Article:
Holy Scripture Maintains Modest Restraint with Christ's Physical Sufferings

What the Holy Spirit wants us to know about the sufferings of Christ He has embalmed in ink in the gospel records. When we open our Bibles, there is a modest restraint with respect to the details of His physical suffering. For example, when Christ has been judged and sentenced, Matthew records:

Matthew 27:26, 33-35 Then released he unto them Barabbas, but Jesus he scourged and delivered to be crucified. … And when they were come unto a place called Golgotha, that is to say, "The place of the skull," they gave Him wine to drink mingled with gall; and when He had tasted it, He would not drink. And when they had crucified Him, they parted His garments among them, casting lots; and they sat and watched Him there."

Pilate delivered Jesus to be scourged, then crucified—that's it! No gruesome details, no gory specifics, no beholding Him lash after lash, with the blood spurting out from His back.

Holy Scripture Emphasizes Christ's Spiritual Sufferings

When we turn to the biblical record with regard to the sufferings of His soul, beginning in Gethsemane, God gives us unusual details. In Matthew, Mark, and Luke, He begins to be sore troubled, saying to His disciples, "Now is My soul exceeding sorrowful, even unto death" (Matthew 26:38). The first explicit mention of His blood has nothing to do with any physical sufferings! No one has laid a hand on Him! Rather, it's the suffering of His soul!

Luke 22:44 And being in an agony He prayed more earnestly; and His sweat became as it were great drops of blood falling down upon the ground.

Likewise, with the ongoing account of the crucifixion, there is no record that our Lord cries out under any of the horrors of the physical abuse; but it is at the end of the three hours—when He is plunged into darkness and in His soul drinking in the dereliction, abandonment, and forsakenness of God, that He cries out, "My God, My God, why have You forsaken Me?" (Matthew 27:46). Transactions within the Triune Godhead constituted the soul of His sufferings—not that which was laid upon Him by men! It was God who "made Him who knew no sin to be sin" and "a curse" (2 Corinthians 5:21; Galatians 3:13)!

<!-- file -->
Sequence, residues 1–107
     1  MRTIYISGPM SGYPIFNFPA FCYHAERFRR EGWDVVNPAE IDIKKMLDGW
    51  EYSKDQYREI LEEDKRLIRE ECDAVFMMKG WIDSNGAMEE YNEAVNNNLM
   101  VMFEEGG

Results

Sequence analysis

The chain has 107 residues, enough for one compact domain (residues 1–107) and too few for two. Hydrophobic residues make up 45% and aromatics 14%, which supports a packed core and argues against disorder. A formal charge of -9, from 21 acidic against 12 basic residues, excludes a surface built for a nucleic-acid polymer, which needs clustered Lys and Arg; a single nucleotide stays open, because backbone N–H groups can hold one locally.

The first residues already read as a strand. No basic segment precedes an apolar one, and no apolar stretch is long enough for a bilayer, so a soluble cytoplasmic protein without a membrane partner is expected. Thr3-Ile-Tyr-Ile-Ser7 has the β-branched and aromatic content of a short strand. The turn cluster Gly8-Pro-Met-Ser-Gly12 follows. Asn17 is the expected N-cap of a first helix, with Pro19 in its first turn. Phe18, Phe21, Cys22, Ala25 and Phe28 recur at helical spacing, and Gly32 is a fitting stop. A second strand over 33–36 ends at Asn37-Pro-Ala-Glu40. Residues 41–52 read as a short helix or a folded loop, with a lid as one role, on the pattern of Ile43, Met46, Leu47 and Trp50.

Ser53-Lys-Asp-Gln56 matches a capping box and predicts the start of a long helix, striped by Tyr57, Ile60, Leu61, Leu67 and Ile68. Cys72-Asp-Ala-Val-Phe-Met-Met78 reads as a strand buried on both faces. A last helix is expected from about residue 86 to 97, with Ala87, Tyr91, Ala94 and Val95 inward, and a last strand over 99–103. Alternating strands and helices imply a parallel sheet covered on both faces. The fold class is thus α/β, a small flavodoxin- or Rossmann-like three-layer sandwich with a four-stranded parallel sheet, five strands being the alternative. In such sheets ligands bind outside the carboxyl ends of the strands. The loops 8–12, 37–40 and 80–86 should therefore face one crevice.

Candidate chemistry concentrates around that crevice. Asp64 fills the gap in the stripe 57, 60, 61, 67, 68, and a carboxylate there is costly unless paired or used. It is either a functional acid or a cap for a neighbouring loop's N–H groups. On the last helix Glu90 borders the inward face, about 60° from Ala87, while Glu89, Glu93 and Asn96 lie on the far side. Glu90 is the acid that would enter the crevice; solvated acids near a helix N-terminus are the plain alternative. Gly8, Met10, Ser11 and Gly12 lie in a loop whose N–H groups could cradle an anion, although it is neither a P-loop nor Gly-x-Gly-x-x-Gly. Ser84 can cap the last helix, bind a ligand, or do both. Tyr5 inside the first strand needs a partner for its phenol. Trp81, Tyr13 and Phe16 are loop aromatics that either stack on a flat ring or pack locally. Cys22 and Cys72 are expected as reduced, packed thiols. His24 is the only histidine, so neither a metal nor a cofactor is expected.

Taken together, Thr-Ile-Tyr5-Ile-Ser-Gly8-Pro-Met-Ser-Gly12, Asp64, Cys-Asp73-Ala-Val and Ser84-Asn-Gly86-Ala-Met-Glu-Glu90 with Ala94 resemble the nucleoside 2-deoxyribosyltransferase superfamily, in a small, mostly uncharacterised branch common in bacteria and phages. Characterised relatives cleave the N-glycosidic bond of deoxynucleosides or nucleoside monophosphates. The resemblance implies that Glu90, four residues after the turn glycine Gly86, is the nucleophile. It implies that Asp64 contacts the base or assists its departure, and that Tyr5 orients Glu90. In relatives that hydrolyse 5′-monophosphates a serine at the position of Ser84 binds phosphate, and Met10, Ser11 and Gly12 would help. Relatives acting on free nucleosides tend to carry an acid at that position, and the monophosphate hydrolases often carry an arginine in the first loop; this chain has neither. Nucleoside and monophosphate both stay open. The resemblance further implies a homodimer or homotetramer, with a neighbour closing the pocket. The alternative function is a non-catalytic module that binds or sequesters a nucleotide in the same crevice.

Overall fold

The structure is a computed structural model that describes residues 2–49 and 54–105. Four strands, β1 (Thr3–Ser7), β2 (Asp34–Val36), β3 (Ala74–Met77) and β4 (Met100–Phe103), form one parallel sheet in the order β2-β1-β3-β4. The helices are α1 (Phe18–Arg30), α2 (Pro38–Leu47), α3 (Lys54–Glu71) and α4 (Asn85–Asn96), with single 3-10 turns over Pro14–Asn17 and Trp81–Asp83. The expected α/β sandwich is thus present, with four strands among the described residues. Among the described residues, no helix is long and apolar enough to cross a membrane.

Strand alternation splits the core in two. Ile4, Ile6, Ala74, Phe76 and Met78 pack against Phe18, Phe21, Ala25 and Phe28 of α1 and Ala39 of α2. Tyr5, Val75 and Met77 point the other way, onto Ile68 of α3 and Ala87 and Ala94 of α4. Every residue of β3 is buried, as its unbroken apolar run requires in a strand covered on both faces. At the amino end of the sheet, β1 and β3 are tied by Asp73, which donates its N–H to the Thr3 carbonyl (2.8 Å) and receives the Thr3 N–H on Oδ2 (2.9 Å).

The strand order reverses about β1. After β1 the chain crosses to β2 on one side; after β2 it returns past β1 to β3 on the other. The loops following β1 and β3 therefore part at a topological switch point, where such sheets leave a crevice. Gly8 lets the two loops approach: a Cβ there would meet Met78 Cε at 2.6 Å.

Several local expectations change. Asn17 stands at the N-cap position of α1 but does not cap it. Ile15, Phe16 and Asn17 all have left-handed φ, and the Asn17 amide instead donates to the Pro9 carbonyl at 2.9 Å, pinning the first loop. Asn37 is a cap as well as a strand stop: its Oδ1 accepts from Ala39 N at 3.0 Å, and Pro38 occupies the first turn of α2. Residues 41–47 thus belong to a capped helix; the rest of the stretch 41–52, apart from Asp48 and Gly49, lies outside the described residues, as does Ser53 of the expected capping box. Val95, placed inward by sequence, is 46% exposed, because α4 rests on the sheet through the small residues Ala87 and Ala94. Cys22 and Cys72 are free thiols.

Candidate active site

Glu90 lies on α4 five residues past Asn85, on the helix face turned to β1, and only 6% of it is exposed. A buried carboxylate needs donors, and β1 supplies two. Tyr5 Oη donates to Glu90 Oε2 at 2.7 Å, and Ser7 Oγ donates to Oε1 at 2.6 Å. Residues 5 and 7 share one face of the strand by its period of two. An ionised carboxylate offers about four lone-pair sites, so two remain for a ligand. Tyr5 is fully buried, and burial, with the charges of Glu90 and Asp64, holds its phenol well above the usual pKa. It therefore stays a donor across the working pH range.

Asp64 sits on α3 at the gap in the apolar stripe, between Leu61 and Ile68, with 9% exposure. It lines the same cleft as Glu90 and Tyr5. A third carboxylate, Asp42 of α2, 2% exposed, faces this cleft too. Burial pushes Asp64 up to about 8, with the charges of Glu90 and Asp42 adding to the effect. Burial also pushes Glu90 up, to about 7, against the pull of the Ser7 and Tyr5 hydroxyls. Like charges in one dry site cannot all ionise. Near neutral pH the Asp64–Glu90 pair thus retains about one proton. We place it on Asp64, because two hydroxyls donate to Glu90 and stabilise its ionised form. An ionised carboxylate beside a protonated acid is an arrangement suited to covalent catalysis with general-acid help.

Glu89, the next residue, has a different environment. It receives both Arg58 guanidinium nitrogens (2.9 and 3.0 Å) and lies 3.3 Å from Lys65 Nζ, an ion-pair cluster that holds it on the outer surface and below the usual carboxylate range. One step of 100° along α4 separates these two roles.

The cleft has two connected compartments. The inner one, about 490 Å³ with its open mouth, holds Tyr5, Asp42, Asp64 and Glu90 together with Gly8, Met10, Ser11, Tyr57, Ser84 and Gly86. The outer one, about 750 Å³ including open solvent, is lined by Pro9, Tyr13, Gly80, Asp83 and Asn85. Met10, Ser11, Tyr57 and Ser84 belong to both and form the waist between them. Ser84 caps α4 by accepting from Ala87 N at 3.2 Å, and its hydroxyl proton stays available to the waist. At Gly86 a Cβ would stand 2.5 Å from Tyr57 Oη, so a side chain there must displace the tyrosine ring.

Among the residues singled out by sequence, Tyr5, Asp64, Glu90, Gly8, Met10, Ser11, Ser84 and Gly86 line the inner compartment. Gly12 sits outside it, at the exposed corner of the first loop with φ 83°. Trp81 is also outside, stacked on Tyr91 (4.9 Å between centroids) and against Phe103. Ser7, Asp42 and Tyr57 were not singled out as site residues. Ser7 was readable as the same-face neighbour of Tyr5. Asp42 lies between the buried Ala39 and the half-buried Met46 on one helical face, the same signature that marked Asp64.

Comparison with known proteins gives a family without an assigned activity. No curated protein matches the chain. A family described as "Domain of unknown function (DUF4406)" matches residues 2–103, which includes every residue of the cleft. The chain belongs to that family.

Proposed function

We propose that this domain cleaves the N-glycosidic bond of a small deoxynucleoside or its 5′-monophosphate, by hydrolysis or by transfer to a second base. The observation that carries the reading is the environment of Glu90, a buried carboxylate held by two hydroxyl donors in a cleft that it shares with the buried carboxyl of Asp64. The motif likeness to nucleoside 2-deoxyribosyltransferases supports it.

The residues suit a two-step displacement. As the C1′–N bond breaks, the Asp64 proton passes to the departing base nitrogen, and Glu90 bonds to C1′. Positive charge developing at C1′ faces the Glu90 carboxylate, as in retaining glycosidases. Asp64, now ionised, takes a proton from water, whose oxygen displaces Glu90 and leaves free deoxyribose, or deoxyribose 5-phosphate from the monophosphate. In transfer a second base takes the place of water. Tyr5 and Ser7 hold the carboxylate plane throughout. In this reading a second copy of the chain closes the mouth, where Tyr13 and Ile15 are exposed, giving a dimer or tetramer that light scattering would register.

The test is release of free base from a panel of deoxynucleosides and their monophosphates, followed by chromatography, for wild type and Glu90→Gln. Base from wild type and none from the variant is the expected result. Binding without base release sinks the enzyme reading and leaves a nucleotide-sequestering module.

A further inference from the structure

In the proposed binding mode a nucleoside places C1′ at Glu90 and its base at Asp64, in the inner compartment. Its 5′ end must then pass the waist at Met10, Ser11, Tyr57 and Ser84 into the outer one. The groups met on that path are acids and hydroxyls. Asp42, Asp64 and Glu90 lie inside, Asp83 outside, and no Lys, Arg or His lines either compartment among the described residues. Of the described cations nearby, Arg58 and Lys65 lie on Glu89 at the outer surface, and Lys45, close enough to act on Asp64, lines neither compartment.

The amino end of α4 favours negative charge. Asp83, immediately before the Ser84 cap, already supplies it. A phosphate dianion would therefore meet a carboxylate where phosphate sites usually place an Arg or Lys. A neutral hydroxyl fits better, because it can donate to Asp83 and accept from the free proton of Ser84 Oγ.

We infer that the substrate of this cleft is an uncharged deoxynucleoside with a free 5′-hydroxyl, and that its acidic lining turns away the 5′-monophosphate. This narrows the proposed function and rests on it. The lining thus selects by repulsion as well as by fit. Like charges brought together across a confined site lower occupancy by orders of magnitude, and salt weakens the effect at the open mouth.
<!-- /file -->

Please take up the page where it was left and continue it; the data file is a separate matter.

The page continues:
Now I am not discounting the horror and brutality of His physical sufferings, but what I am saying is that this film gives undue emphasis upon the physical sufferings of Christ and is inconsistent with the Bible's emphasis upon the reality and dominant nature of His spiritual sufferings. Any Christian who is jealous for God's emphases with regard to the suffering of His Lord has to ask the question, "Do I want to subject my mind and memory to a film which has an emphasis utterly inconsistent with the emphasis of my Bible with respect to the nature of the sufferings of my Lord?"

2. This film's detailed depiction of the death of Jesus is an unwarranted reenactment and representation of His death

On the eve of His crucifixion, Jesus Himself gave us a visual, physical means of representing His death: "Take, eat; this is My body, which is broken for you" (Matthew 26:26; Luke 22:19). After supper He took the cup saying, "This is My blood of the New Covenant; this do in remembrance of Me" (1 Corinthians 11:25). He gave no directive to otherwise visually capture the details of His death. As the Synod of Constantinople in 753 decreed, "The only admissible figure of the humanity of Christ, however, is bread and wine in the holy Supper. This and no other form, this and no other type, has He chosen to represent His incarnation."2